• Token Type - what type of token have we received (in this case Bearer)

At this point, we have everything we need to make requests against our secured web service.

Making Calls

The client application / service functions as a very simple todo list.  We’re able to add items (which are stored temporarily in non-persistent storage) and can be received.  So we have two different methods:  get todo items and add a todo item.  I won’t go into what’s going on with talking to these methods in depth because they are very simple rest calls to our resource URL plus /api/todolist.  If we are fetching items, we do a GET request.  If we are adding an item, we perform a POST request.  When we post an item, we use JSON.  When we receive the todos, they are in JSON.  The only thing you need to make sure you do is set a HEADER on the request before it’s made with the name Authorization and the value:  Bearer <Access Token> where you put your access token in (and don’t use the carrots). 

Decoding Claims

There is one additional capability of each of the client apps and that is to decode the claims we receive as part of the Access Token.  The Access Token comes over in the following format:

That’s a huge mess of characters.  What I would highlight are the two periods present in the string.  It’s possible to decode the whole string and see what is in it, but today we’re only interested in seeing the claims.  The claims are the part between the second and third periods.  Once we pull that out, we can decode it.  It’s a little interesting decoding this because it is Base 64 URL encoded and when you decode it, you don’t want to decode to UTF8 but to ASCII instead.  Once you’ve done so, the claims look like this:
"upn":"[email protected]",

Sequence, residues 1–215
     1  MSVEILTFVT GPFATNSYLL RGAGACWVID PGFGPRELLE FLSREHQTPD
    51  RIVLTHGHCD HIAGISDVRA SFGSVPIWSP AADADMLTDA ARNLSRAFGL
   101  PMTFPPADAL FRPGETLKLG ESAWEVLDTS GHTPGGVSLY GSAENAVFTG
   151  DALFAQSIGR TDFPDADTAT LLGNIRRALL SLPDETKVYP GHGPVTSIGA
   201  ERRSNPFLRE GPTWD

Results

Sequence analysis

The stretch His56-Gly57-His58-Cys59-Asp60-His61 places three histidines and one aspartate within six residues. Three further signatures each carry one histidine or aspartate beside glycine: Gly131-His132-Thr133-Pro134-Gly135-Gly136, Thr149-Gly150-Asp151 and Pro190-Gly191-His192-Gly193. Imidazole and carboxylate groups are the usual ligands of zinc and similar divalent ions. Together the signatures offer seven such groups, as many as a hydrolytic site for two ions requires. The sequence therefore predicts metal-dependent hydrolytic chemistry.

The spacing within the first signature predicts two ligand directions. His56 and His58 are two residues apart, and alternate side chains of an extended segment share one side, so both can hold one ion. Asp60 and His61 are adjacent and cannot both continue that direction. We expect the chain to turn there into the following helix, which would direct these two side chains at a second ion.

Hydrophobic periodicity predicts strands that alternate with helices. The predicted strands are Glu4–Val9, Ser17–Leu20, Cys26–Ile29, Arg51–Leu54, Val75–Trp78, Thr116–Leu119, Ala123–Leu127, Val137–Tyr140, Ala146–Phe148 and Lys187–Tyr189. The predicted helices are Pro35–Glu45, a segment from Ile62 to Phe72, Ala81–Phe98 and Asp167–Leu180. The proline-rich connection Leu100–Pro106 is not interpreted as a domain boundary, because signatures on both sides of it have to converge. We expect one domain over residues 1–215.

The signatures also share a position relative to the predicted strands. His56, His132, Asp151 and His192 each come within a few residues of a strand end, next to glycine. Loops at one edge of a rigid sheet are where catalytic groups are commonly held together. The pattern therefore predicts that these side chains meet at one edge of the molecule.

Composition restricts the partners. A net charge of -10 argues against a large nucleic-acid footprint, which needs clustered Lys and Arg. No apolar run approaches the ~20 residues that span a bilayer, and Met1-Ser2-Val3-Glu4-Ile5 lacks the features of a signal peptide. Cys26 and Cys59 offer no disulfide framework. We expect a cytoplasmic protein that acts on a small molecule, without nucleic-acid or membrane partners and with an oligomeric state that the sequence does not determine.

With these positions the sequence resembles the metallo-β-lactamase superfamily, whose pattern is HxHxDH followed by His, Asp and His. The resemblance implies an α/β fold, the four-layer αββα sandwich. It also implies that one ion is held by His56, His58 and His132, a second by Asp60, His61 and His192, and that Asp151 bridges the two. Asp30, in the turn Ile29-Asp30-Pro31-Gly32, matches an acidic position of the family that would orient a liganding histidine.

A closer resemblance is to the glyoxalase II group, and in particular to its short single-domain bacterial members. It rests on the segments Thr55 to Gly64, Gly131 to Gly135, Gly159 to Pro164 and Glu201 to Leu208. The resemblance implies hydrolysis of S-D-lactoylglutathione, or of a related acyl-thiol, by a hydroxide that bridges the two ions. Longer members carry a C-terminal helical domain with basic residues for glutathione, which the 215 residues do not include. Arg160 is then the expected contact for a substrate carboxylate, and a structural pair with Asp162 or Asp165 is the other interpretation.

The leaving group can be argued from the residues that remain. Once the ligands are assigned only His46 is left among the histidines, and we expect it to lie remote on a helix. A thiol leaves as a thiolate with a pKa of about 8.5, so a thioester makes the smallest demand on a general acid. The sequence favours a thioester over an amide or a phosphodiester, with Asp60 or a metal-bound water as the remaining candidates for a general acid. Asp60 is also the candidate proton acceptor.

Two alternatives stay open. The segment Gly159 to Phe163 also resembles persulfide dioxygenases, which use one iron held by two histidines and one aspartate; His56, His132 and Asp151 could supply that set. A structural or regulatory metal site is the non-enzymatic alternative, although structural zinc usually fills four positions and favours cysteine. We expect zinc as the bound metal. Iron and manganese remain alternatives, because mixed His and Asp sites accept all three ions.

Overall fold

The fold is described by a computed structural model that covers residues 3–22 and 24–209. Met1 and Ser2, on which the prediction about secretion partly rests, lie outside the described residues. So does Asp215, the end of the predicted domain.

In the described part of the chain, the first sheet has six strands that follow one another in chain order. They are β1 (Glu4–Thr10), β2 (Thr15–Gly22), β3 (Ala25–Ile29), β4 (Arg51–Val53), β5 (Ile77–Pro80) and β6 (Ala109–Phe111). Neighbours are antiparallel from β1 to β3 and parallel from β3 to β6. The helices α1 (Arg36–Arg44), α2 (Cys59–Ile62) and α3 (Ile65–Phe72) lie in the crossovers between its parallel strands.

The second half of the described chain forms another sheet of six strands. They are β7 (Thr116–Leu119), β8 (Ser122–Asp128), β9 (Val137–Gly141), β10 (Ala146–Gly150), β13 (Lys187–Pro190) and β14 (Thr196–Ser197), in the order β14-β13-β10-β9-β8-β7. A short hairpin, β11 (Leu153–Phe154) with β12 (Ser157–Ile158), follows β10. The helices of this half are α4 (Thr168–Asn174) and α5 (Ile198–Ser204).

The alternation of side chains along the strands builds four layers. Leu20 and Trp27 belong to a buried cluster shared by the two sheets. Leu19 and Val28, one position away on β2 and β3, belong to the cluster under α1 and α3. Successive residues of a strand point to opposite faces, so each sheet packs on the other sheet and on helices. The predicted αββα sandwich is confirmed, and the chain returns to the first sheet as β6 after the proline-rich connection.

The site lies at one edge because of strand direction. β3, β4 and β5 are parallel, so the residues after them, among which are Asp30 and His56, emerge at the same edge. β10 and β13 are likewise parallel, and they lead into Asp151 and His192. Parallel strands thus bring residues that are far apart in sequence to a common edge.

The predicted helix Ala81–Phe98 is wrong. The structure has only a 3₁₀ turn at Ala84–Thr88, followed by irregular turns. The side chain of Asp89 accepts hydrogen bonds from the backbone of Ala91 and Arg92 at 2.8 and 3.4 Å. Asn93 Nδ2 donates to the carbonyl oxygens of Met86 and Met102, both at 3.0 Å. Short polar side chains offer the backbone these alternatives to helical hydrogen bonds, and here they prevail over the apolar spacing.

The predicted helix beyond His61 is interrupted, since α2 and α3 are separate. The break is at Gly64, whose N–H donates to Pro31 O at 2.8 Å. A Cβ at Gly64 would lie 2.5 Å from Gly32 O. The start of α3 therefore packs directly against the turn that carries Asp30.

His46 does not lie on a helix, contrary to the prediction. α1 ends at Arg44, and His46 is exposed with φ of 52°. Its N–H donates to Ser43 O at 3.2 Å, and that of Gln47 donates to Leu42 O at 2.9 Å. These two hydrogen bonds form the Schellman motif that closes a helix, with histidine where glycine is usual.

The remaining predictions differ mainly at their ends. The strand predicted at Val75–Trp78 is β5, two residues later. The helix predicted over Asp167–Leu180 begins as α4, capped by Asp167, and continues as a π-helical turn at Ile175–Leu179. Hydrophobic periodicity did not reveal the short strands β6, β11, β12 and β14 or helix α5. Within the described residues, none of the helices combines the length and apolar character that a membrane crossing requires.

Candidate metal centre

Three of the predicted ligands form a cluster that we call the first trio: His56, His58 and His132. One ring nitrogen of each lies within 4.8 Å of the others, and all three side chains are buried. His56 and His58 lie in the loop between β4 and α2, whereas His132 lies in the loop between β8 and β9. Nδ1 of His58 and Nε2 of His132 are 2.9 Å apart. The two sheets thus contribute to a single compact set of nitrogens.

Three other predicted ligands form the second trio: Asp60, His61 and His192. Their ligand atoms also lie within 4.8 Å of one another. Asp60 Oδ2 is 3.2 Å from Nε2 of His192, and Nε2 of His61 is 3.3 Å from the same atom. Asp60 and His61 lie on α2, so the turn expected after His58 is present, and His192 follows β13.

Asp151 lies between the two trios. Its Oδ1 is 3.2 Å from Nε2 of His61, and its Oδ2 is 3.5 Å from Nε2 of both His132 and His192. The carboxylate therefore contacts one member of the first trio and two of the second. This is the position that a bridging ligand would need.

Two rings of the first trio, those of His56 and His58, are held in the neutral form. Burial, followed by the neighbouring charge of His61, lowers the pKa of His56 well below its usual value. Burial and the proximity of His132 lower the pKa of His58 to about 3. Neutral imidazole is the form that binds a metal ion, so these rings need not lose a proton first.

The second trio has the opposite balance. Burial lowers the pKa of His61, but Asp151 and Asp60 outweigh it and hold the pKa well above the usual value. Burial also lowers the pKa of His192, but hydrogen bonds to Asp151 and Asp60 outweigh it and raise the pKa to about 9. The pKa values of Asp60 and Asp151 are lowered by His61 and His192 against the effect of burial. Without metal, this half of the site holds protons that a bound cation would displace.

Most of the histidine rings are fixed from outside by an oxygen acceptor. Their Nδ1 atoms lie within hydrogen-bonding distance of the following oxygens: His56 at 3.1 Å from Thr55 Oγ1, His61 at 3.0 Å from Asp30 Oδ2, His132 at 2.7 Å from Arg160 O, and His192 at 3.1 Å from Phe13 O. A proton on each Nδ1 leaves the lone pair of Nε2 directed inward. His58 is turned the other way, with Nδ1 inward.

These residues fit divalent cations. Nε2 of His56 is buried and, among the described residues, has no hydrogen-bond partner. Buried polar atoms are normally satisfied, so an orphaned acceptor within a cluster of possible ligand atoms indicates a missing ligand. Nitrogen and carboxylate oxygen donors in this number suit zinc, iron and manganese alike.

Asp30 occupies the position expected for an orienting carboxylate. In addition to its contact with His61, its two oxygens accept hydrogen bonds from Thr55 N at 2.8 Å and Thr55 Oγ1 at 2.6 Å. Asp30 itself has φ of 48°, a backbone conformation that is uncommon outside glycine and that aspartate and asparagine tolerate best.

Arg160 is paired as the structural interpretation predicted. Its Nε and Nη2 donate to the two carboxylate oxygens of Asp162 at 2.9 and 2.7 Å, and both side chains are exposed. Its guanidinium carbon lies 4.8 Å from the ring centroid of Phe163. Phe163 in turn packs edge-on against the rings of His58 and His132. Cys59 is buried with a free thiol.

"unique_name":"[email protected]",
This identifies who I am as a user but also specifies other things like which app I have access to, what type of permission it is, and more.  We could use this data with the Graph Explorer API to get further information but we’ll leave that for another day. 

Next Steps

At this point we have a web application that requires Active Directory authentication and permissions in order to use.  More importantly, we have iOS and Android client applications that are capable of authenticating a user with our own Windows Azure Active Directory account and then accessing resources secured by it!  This opens up a ton of scenarios, especially for enterprises that want to enable Bring Your own Device but still secure their assets.  A few things which I haven’t covered today (and may go into in the future, especially if I hear people ask for it) are:

  • There isn't any error handling in this example. We'd certainly want to handle any issues if there were any.
  • Caching the Access Token / access information in case of app relaunch
  • Getting a new Access Token after expiration using the Refresh Token
  • Setting up a secured web resource (I’m pointing to a different tutorial above which works but could be better)
  • Wrapping all of the above functionality into a library you could just drop into your iOS / Android project
  • Making requests to the Graph Explorer API to get more information on your claims.
  • Explaining how you can sync your on-premise AD account with your Windows Azure one
  • Providing more specific steps about pushing the web app to Windows Azure Web Sites.

Clearly there is a ton more we can do to simplify authenticating with AD and accessing secured resources from different device platforms and my hope is that in the future, you’ll see this become much easier and much more accessible.  Let me know if you have questions, run into issues, or anything else in the comments.

Chris Risner